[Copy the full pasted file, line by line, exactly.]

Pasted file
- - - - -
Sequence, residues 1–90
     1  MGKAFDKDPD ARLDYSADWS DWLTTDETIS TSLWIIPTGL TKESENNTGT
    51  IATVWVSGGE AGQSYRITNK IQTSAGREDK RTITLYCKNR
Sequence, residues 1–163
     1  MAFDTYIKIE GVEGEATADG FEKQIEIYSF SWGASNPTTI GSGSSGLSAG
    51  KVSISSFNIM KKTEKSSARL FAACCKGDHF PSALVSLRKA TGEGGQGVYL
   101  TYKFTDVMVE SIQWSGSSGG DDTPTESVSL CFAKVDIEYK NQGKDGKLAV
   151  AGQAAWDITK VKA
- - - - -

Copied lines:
Sequence, residues 1–90
     1  MGKAFDKDPD ARLDYSADWS DWLTTDETIS TSLWIIPTGL TKESENNTGT
    51  IATVWVSGGE AGQSYRITNK IQTSAGREDK RTITLYCKNR
Sequence, residues 1–163
     1  MAFDTYIKIE GVEGEATADG FEKQIEIYSF SWGASNPTTI GSGSSGLSAG
    51  KVSISSFNIM KKTEKSSARL FAACCKGDHF PSALVSLRKA TGEGGQGVYL
   101  TYKFTDVMVE SIQWSGSSGG DDTPTESVSL CFAKVDIEYK NQGKDGKLAV
   151  AGQAAWDITK VKA